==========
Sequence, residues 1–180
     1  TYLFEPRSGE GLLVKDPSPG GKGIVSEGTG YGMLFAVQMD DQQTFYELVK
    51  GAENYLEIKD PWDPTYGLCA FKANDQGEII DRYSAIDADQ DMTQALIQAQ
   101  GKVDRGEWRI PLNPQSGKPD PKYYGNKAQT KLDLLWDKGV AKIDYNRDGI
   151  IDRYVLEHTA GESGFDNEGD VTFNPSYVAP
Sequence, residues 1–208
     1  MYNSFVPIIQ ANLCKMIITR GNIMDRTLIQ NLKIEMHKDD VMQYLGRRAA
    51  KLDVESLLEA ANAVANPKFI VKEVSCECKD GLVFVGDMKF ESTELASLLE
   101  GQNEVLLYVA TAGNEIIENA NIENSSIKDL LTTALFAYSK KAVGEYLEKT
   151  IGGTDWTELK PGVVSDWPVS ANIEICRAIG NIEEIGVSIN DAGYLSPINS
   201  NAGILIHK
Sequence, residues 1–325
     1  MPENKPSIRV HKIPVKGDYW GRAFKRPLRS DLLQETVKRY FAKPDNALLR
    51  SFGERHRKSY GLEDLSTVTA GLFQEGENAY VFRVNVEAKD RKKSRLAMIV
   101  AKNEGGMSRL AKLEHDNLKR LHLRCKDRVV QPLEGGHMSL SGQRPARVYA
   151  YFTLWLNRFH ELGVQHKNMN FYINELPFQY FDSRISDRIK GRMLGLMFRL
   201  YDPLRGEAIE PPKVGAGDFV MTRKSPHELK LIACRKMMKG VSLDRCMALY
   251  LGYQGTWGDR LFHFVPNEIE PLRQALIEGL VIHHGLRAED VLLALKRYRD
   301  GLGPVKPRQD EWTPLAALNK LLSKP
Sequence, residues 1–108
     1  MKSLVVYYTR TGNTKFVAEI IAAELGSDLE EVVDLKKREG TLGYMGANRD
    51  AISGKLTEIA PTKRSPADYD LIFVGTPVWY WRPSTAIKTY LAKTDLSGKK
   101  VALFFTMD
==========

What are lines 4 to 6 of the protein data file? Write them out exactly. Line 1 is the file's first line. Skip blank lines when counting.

   101  GKVDRGEWRI PLNPQSGKPD PKYYGNKAQT KLDLLWDKGV AKIDYNRDGI
   151  IDRYVLEHTA GESGFDNEGD VTFNPSYVAP
Sequence, residues 1–208